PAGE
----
Late Rembrandt draws over half a million to Rijksmuseum
The Late Rembrandt exhibition in the Rijksmuseum attracted more than half a million visitors. That is 60 thousand more visitors than the previous record - a Rembrandt exhibition in 1969. About 20 percent of the visitors came from abroad.
Director Wim Pijbes told NOS that the exhibition was a "great success". "You hope for it of course, and these are stunning figures: 520 698 visitors in three months." King Willem-Alexander opened the exhibition in February. The exhibition displayed about 100 works from the last 20 years of the 17th-century artist.
This was the most expensive exhibition that the museum has ever done, costing about 5 million euros. The insurance alone cost 1 million euros. Pijbes would not comment on whether the museum made a profit. "In any case we are out of the costs", was all he would tell the broadcaster.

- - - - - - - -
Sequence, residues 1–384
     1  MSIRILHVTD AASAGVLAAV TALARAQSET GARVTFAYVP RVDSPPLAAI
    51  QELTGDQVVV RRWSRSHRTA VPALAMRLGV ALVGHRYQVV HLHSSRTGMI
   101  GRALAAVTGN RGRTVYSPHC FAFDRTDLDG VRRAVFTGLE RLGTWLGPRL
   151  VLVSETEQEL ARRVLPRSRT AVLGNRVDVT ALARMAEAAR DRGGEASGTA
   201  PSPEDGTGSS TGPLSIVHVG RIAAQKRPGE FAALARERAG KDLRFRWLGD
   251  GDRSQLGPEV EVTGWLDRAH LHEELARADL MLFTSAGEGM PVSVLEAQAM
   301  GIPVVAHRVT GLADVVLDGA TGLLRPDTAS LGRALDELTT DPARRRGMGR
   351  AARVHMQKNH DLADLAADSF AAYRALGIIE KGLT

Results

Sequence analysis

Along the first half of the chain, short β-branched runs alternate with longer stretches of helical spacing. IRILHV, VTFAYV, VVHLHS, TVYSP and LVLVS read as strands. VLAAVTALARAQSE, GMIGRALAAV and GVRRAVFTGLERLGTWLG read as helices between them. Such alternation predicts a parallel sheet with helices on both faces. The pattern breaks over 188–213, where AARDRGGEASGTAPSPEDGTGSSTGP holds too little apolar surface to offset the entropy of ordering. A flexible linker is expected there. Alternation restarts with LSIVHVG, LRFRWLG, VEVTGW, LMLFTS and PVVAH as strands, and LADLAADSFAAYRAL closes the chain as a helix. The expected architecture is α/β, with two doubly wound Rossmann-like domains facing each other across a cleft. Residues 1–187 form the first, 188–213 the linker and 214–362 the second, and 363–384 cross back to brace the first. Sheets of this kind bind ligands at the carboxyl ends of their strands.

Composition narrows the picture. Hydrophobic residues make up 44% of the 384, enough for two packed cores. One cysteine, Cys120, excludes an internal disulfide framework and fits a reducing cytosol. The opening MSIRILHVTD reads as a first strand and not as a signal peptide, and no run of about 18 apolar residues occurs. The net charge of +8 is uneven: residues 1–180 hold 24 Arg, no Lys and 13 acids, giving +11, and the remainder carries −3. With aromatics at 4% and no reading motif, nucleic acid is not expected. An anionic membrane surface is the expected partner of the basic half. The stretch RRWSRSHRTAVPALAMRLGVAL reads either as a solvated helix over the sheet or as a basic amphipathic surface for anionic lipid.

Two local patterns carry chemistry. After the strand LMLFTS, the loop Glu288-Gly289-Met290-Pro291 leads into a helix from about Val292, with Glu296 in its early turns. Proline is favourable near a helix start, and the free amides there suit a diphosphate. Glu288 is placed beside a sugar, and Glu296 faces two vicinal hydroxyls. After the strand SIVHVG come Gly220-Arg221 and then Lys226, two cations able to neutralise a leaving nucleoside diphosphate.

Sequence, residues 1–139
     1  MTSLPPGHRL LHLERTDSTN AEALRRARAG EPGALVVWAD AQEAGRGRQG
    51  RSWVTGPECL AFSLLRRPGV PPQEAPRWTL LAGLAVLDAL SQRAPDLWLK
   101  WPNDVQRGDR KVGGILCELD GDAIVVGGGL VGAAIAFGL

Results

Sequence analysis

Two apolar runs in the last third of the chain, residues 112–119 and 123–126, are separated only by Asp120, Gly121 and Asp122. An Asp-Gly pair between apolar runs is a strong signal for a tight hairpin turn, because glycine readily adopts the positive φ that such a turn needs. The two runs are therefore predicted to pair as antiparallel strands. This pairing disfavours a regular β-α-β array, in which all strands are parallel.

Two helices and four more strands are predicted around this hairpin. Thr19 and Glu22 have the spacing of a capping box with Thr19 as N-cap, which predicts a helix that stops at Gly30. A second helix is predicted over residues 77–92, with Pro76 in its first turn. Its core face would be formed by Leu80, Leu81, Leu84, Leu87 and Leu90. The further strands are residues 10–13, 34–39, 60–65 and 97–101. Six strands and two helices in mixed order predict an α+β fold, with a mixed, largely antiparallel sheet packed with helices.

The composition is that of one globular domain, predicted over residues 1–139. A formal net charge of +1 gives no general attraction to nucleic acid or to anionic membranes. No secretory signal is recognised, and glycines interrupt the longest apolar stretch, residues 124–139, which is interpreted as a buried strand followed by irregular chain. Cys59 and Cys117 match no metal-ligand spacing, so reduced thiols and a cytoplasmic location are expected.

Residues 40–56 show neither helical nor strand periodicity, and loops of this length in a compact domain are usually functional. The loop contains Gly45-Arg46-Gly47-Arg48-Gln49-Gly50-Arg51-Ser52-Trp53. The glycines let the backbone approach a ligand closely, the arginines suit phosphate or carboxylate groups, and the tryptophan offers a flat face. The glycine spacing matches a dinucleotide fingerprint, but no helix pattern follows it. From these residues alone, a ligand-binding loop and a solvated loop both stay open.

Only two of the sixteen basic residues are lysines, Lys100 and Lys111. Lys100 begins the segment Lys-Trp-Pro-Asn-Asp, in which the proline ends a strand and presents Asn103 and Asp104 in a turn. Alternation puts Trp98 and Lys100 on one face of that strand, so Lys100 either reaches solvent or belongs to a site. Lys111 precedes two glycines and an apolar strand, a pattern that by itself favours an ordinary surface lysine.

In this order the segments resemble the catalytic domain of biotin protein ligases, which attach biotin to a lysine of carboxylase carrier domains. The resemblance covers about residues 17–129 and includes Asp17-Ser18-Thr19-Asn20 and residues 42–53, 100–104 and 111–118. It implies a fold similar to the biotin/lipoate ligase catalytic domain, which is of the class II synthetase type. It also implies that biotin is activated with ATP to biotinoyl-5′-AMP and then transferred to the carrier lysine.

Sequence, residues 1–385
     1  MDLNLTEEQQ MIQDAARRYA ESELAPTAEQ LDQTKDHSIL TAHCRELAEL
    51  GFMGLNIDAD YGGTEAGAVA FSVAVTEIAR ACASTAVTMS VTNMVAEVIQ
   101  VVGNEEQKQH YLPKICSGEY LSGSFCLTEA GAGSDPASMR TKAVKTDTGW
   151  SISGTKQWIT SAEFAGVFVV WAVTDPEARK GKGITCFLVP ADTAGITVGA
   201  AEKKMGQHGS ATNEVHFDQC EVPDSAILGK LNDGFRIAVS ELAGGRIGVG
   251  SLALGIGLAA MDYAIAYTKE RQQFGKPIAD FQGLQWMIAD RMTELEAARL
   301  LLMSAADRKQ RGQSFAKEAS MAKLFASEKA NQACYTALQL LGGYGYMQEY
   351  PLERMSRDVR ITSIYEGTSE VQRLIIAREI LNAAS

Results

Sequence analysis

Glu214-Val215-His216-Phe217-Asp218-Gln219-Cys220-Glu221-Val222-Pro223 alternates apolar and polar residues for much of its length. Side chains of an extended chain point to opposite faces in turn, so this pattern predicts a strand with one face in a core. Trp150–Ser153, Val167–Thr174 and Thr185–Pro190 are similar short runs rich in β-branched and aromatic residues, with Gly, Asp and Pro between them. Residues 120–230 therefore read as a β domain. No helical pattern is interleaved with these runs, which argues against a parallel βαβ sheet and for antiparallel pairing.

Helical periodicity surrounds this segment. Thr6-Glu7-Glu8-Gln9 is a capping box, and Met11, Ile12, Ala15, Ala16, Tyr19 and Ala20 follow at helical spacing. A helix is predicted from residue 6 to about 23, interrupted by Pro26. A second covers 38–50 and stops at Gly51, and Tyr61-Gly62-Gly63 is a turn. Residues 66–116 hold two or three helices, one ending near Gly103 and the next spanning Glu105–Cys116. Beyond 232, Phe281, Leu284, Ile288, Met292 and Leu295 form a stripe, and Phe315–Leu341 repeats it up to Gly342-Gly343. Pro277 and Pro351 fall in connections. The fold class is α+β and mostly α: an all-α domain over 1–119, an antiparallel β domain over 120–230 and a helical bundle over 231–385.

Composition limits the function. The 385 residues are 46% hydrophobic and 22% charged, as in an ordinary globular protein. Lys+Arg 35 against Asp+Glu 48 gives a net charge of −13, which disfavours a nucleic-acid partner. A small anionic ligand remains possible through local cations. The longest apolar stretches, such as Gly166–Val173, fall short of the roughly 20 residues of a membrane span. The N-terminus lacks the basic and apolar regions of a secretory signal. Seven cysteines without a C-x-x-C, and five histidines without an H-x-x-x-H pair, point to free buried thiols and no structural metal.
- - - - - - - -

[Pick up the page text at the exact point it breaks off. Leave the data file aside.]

The museum received about a hundred complaints from visitors who felt the exhibition was too crowded. They could not see the paintings and the crowds caused a lot of noise. Pijbes initially responded to these criticisms by saying that it is busy, but not as busy as the Sistine Chapel or in front of the Mona Lisa. But he later admitted that the exhibition may be too crowded, saying that the display is “arguably approaching the boundaries of an enjoyable visit.” The museum then started selling fewer tickets in each time slot to spread out the crowds and make it a more enjoyable experience for all visitors.
"All in all it was not too busy", Pijbes said to NOS on Sunday. "I do not want to downplay it, but a certain image has been created through social media. Everyone puts his complaint on the internet." This creates the image that the exhibition was not enjoyable, "while the majority of our visitors were satisfied".
The majority of the paintings and sketches will no return to the museums and individuals who made them available for this exhibition.